A Tarnished Revolution / Miguel Iturria Savón

Since the last week of December, the Cuban news media turned the propaganda time chart on the 52nd anniversary of the Revolution, whose reviled founders stayed in power and in the disgust of the population, submerged in silence and the routine of a half-century of slogans and promises.

There was a Revolution but at these heights nobody remembers when it lost its way. Perhaps from 1961 to 1968, on eliminating private property, imposing the state monopoly on the means of production and adopting the tropical version of the Soviet model. Maybe in the middle of the seventies, on institutionalizing the socialist process, sending troops to the African wars and following orders from Moscow, whose regimen fell in 1991.

But it’s not necessary to highlight the matter, for January 1st isn’t any more than a date associated with an imaginary Revolution of Castro-communism; on whose legitimizing calendar other anniversaries of fighting actions are revisited, like 26 July 1953, evoking the failed assault on the “Moncada” and “Céspedes” barracks, which happened in Santiago de Cuba and Bayamo; and 2 December 1956, which commemorates the landing of the yacht Granma in the south of Oriente, considered afterward as Revolutionary Armed Forces Day, founded by decree in October of 1959.

For the past half-century they have been exaggerating the size of the traces of these events, of such indubitable influence in the country’s destiny, crammed down our throats by the attackers who prepared the ill-fated expedition of the Granma, whose survivors started the guerrilla focus which carried out the rural skirmishes of the so-called Rebel Army, one of the forces that fought against the tyranny of General Batista, who fled Havana at daybreak, 31 December 1958.

These facts, retold to the point of exhaustion by the historians and the government’s communication media, have as a common denominator the violence and the necessity of imposing the leadership of the manipulator, Fidel Castro.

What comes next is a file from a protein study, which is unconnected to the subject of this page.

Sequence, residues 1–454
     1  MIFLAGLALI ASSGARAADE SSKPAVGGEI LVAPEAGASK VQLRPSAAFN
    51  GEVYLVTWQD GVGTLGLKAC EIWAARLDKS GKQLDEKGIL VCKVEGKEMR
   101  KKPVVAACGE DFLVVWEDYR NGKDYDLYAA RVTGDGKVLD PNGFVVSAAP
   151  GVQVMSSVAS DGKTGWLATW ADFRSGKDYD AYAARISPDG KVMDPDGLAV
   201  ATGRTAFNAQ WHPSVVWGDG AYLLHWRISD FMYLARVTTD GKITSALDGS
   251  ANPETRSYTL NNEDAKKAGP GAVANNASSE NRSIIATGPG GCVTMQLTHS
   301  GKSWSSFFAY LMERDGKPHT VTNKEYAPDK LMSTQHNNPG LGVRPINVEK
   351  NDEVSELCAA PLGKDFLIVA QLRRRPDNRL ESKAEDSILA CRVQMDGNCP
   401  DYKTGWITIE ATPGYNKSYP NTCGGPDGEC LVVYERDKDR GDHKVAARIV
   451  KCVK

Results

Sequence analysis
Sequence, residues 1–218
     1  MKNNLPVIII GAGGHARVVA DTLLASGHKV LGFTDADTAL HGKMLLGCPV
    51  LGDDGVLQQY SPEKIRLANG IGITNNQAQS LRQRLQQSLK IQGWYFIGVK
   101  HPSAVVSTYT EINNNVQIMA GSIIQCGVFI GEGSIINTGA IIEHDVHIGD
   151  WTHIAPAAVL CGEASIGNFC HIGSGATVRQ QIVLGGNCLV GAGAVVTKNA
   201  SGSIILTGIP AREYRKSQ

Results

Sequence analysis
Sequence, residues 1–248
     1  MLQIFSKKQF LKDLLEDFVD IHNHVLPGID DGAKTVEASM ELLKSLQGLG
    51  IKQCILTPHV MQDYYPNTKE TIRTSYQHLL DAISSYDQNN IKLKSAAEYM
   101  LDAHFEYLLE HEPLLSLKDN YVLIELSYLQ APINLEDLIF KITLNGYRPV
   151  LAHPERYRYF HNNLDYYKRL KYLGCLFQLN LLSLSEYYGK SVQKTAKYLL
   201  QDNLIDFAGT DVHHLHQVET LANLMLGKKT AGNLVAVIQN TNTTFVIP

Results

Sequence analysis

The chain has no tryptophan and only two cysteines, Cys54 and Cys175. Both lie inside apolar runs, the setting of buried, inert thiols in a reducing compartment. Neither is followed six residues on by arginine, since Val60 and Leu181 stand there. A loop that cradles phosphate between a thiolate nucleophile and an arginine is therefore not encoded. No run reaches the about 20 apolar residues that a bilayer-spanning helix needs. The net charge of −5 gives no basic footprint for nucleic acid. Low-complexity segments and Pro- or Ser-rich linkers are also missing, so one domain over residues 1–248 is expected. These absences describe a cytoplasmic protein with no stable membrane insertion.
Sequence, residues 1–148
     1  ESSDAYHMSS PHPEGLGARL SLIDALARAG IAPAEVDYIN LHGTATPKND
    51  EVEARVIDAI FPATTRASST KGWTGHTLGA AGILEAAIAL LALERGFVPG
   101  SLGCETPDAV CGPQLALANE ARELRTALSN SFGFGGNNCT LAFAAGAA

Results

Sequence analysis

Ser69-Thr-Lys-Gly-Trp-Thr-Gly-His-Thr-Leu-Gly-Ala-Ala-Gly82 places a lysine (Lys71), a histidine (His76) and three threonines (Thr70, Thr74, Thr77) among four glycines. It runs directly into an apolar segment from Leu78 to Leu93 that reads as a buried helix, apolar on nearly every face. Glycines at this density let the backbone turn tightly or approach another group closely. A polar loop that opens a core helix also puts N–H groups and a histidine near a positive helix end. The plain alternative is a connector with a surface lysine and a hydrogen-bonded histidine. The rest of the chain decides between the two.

To assault the barracks in the eastern zone of the country, the participants bought arms, practiced marksmanship in various places around Havana and crossed the island, besides risking the lives of people who were enjoying the Carnival in Santiago de Cuba, killing dozens of soldiers and exposing their own men. The failure complemented the adventure, but it is worth asking: What would have happened if they had taken it? If the idea was to climb the mountains, why didn’t they just do that?

If we leave behind the problems created by the attackers, the punishments after trial really were benign, the Castros and their followers only spent a year and a half locked up. On getting out, they went to Mexico “to prepare the insurrection,” instead of just climbing the mountains without spending on travel, yachts, fuel, nor violating the laws of a neighboring state.

Behind the expedition of the Granma, bought from the American Robert B. Erikson in Tuxpan with the money from the ex-president Carlos Prío Socarras (1948-1952), is hidden Castro’s proposed inscription in history of imitating the independence fighters of the 19th Century, who armed themselves in the United States and disembarked on various points of the island.

The map of their crossing reveals their irresponsibility and their headstrong nature. If they had left from the furthest point of Yucatan, in only hours they would arrive at the mountains of Pinar del Rio, closer to Havana, without having to cover almost all the Gulf of Mexico and the south of the island to the eastern end, the setting of confrontations just like the hills of Escambray, headquarters of the guerrillas of the Student Directorate, who defied the agents of tyranny in the capital and other towns in the east.

The legitimizing crowing comes to a head with the propaganda about the victory on that faraway first of January 1959, an anniversary that, paradoxically, is associated with the longest dictatorship in our history.


Translated by: JT

January 15 2011